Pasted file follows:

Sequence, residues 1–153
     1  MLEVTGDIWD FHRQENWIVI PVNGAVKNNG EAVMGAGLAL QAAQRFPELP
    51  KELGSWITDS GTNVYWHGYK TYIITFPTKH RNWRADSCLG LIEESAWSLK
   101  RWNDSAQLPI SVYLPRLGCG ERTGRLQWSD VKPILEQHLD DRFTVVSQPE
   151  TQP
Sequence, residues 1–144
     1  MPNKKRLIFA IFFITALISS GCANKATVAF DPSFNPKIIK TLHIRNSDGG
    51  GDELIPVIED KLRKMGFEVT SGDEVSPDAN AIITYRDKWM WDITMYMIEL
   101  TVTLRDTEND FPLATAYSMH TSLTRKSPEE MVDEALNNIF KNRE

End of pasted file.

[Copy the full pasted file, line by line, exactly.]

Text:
Sequence, residues 1–153
     1  MLEVTGDIWD FHRQENWIVI PVNGAVKNNG EAVMGAGLAL QAAQRFPELP
    51  KELGSWITDS GTNVYWHGYK TYIITFPTKH RNWRADSCLG LIEESAWSLK
   101  RWNDSAQLPI SVYLPRLGCG ERTGRLQWSD VKPILEQHLD DRFTVVSQPE
   151  TQP
Sequence, residues 1–144
     1  MPNKKRLIFA IFFITALISS GCANKATVAF DPSFNPKIIK TLHIRNSDGG
    51  GDELIPVIED KLRKMGFEVT SGDEVSPDAN AIITYRDKWM WDITMYMIEL
   101  TVTLRDTEND FPLATAYSMH TSLTRKSPEE MVDEALNNIF KNRE